- Road Test. Apply brakes several times at about 20 m.p.h. to determine if a light pedal pressure stops the car evenly and quickly. Notice pedal feel as compared to other cars of the same model.
9-17 MORAINE POWER BRAKE UNIT
Construction of Moraine Power Brake Unit
The 1957 Buick power brake cylinder is the “air suspended” type, meaning that atmospheric pressure is present on both sides of the power piston in the unapplied stage.
As shown in figure 9-14, a cover closes the forward end of the cylinder housing to form a large chamber in which the power piston and related parts operate. The section on the cover side of the piston is called the air chamber since it is open to atmospheric pressure at all times. The section on the opposite side of the piston is called the vacuum chamber since it is subjected to manifold vacuum during power application of brakes. All air entering the cylinder housing passes through an air cleaner.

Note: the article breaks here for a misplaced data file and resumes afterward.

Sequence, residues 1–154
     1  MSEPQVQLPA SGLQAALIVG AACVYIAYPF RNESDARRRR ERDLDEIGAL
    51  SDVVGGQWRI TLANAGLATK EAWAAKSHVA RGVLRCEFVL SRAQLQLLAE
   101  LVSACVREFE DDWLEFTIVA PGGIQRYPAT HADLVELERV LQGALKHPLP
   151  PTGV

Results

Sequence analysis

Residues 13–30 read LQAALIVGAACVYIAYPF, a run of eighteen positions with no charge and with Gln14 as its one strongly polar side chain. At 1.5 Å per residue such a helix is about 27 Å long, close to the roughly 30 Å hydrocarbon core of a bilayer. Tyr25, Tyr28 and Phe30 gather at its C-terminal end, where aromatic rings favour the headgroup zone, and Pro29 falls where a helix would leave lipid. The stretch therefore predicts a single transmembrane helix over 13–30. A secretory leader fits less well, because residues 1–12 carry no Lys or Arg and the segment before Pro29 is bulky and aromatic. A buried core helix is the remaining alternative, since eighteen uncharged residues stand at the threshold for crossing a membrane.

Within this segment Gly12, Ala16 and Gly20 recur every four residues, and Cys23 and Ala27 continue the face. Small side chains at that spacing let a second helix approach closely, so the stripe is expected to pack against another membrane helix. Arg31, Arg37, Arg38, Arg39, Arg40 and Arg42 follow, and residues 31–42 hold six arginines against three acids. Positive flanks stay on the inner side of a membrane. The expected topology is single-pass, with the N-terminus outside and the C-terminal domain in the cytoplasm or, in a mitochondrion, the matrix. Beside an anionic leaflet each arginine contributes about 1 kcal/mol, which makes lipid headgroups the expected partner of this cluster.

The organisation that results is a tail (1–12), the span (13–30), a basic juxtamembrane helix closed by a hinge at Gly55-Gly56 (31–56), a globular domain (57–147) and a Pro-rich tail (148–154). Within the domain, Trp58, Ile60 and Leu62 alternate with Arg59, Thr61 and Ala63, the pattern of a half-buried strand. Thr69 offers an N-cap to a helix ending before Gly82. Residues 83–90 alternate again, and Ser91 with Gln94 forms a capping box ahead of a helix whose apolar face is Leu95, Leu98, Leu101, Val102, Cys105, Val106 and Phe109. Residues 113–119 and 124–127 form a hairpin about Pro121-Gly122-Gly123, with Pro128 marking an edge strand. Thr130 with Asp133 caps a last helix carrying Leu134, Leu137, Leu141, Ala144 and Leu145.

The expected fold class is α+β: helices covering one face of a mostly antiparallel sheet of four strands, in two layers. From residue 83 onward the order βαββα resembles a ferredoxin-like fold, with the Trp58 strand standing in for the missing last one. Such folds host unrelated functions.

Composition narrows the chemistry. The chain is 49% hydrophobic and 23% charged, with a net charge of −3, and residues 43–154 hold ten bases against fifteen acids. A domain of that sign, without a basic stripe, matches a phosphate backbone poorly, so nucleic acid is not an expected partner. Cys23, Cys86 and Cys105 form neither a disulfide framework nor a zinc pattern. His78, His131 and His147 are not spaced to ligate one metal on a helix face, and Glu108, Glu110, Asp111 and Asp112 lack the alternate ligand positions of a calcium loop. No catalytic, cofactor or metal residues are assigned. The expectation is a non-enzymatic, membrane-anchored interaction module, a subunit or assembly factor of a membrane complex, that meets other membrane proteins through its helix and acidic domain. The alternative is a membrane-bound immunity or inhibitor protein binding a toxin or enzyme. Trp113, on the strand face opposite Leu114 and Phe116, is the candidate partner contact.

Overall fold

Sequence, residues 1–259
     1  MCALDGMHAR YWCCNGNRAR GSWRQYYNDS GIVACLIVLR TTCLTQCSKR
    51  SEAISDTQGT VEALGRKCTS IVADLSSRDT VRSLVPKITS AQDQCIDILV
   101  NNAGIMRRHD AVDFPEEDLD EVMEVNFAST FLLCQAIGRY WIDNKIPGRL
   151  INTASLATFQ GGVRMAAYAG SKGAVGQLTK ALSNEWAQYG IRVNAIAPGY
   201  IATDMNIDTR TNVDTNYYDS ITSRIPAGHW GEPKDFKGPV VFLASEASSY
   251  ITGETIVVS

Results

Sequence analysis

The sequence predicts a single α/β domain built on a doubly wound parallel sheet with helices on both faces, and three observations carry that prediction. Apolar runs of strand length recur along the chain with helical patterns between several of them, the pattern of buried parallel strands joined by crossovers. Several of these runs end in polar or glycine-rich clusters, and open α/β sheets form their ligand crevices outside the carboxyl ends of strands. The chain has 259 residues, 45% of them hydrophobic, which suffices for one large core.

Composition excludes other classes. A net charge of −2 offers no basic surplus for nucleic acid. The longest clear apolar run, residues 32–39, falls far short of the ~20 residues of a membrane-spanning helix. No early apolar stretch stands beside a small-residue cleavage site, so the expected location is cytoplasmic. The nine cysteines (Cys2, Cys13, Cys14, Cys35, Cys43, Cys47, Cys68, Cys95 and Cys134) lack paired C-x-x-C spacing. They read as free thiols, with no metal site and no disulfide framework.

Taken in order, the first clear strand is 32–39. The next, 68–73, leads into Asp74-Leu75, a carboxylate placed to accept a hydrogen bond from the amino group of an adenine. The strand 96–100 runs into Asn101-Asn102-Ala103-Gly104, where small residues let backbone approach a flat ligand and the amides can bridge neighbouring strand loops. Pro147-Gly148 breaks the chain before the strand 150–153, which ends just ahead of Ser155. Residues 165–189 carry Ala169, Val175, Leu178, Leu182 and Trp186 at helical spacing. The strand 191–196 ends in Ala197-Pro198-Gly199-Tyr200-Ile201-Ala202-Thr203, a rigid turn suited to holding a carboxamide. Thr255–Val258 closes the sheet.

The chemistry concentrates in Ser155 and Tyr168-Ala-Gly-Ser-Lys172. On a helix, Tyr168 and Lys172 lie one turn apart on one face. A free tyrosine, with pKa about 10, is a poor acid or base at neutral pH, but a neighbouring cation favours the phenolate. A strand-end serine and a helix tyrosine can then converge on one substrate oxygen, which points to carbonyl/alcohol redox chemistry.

The rim of power piston carries a spring expanded leather cup and a felt lubricating wick to seal against passage of air. A flexible rubber hose connecting the piston with a vacuum tee on the side of cylinder housing permits the piston to move back and forth while connected to manifold vacuum. Air is exhausted out of the vacuum chamber through passages in the piston and the vacuum hose when the control valve is set for power application.
The related parts which operate in the cylinder housing with the power piston form an assembly composed of the air valve, floating control valve, hydraulic piston, and the reaction mechanism. Pedal pressure through a push rod starts the power piston assembly moving when applying the brakes; a single heavy return spring returns the power piston when releasing the brakes.